It's those paddle shifts that spoil things a touch, to tell the truth. Sure it's more than responsive and intuitive enough in auto mode, but if you want to change gears yourself, it still doesn't respond as crisply or as faithfully as a decent twin-clutch set-up would.

Manual-mode quibbles aside, however, the C63 is as fine a musclebound coupe in Blighty as you'll get. Doesn't stop us wanting the Black Series version even more, though...


MERCEDES C63 AMG COUPE
Engine:
6,208cc V8
Transmission:7-speed auto, rear-wheel drive
Power (hp):457@6,800rpm (487 with performance pack)
Torque (lb ft):443@5,000rpm
0-62mph:4.5sec (4.4 with performance pack)
Top speed:155mph
Weight: 1,730kg
MPG: 23.5mpg (NEDC combined)
CO2: 280g/km
Price: £57,775

 

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Comments (52) Join the discussion on the forum

  • Ruaraidh_Gamma 24 Jun 2013

    The wagon has the smaller rear tyres (18" and 255) and it's just hysterical with the traction off in Manual gearbox mode. As driftable as my old 200SX of many moons ago. I can't imagine why anyone would complain about having too small rear tyres! I imagine the Yanks hate them for drag racing of traffic lights (and it does tend to light up in 1st/2nd) but that's not really the point. In a land with bends in the roads, the adjustability makes it a true drivers car. Too many cars these days are overtyred to the point of driver boredom...

    It's a brilliant car to drive and as a wagon, you can carry the dog AND kitchen sink...

    Oil consumption is a bit frightening though (1 litre in the first 1000km) and apparently continues that way for the first 10k or so...

    Fuel? Yep in Sport+ you can easily get below 12mpg on an A road but high 20s are achievable!! On a very early run along the A14 to the airport, plane was late so opted for economy cruise mode rather than spend hours in the airport (out of curiosity really) and managed 28.5mpg at 62mpg in cruise control with no AC. It can be done but it requires the self control of a saint....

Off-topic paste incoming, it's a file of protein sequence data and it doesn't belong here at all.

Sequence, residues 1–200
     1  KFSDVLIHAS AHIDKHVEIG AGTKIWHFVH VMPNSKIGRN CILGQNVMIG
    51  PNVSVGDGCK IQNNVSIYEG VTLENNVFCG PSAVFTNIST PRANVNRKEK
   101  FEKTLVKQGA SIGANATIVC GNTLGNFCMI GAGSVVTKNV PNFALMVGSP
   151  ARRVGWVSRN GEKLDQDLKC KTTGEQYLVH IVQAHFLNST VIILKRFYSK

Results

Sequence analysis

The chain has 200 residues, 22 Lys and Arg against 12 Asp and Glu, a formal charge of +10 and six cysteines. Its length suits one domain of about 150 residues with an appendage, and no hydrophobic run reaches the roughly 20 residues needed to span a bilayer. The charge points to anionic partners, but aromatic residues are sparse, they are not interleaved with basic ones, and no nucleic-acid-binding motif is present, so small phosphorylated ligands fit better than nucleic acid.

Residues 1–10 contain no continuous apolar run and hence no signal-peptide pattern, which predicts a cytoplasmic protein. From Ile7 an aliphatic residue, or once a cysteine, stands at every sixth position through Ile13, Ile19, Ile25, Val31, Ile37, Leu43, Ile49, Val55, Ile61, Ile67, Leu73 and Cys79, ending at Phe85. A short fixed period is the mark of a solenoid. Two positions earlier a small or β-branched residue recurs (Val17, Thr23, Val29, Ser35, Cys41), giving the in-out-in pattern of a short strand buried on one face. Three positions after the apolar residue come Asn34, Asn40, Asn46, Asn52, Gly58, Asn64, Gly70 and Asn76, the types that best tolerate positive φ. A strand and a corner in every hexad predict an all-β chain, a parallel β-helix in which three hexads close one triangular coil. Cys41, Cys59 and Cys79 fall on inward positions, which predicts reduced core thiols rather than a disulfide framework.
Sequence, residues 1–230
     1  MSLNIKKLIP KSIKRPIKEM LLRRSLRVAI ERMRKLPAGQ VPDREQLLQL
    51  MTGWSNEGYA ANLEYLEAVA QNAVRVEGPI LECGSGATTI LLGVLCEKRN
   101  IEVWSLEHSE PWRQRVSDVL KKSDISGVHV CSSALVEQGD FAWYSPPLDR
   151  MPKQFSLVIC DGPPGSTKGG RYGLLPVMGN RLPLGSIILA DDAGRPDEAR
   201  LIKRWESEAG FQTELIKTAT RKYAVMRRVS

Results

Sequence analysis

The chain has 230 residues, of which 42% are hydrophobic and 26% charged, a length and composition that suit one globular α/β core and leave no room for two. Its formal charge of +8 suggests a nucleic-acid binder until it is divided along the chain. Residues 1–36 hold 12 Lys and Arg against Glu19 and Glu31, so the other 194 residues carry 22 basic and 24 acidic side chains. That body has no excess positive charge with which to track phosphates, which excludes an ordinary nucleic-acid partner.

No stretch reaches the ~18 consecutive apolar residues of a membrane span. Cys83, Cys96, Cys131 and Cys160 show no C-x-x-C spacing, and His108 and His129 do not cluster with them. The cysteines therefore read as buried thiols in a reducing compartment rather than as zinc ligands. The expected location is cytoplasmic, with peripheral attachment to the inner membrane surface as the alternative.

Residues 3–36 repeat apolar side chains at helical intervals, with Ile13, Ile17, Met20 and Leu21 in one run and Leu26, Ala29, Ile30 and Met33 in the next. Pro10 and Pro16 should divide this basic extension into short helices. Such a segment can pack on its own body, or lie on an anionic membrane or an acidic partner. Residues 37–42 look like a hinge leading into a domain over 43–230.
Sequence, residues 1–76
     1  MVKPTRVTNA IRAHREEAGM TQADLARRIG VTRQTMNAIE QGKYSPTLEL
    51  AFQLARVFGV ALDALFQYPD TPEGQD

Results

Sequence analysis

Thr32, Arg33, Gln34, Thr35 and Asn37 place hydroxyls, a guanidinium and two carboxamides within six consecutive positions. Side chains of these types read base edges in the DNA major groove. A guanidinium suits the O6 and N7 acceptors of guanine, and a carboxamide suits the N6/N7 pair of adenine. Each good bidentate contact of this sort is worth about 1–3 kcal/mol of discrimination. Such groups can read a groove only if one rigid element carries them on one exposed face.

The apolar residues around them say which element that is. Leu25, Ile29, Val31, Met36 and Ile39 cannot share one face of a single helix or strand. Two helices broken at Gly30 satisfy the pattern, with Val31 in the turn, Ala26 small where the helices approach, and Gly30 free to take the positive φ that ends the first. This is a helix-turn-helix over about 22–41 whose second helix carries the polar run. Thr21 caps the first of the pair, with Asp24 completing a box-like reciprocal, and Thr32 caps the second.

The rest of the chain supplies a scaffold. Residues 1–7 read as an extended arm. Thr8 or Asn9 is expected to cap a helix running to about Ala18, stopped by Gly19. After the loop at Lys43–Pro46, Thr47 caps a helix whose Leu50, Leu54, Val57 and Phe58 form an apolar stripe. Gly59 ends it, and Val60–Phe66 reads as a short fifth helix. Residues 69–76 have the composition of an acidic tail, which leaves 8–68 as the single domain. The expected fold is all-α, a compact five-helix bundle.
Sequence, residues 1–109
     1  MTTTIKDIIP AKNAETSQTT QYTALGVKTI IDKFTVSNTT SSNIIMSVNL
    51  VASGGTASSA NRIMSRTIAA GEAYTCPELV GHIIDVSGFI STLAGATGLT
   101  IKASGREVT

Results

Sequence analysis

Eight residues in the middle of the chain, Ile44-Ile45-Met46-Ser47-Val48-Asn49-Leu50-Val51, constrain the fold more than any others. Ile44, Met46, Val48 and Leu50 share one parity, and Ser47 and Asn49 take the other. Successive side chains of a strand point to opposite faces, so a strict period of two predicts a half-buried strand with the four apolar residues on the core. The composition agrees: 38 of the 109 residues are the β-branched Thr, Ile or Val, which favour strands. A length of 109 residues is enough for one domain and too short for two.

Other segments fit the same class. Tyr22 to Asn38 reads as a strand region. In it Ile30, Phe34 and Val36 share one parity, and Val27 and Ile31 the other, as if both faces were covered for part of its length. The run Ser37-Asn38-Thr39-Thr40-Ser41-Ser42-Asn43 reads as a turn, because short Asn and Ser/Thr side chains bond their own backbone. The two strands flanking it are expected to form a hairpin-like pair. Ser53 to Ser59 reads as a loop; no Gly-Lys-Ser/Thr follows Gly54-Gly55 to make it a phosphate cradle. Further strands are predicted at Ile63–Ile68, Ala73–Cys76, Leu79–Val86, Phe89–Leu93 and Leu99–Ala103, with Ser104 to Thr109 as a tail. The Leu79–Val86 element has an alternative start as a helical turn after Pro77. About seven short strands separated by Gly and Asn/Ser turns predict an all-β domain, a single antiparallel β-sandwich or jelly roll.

Average for first 3k is 17mpg so far which seems pretty common.

    Don't listen to music much though, just the engine! Noise is glorious!

  • HairbearTE 27 Jun 2012

    1730kg. So, a car whose predecessor could legitimately be called hatch-back now weighs nearly two tons. How fking ridiculous.

  • Wills2 26 Jun 2012

    Phooey said:
    Wills2 said:
    Out of interest, how long do the rears last.....
    I expect 3-4k out of my rears. I increased size from 255 to 265 (cheaper too ironically) and off-the-line traction is improved (doesn't spin as much in 2nd gear), but will probably go back to 255, just for the sheer lunacy of less traction and more sideways action/fun
    You bad boy Phooey, missing the Porsche much?

  • Phooey 26 Jun 2012

    Wills2 said:
    Out of interest, how long do the rears last.....
    I expect 3-4k out of my rears. I increased size from 255 to 265 (cheaper too ironically) and off-the-line traction is improved (doesn't spin as much in 2nd gear), but will probably go back to 255, just for the sheer lunacy of less traction and more sideways action/fun




  • BigBen 26 Jun 2012

    gumsie said:
    Gridl0k said:
    I seem to recall the supercharged E55 had exactly the same engine as the SL55, but lower quoted figures. So theoretically quoting the lowest-recorded tested engine of the C63 but the average/best recorded output of the same engine for the 'premium' model would be good for sales/marketing and still technically honest. Seems a fairly German thing to do.
    Possib;y, but there was more to it than that the exhaust was different amongst other little things.
    Bigger intercooler as well iirc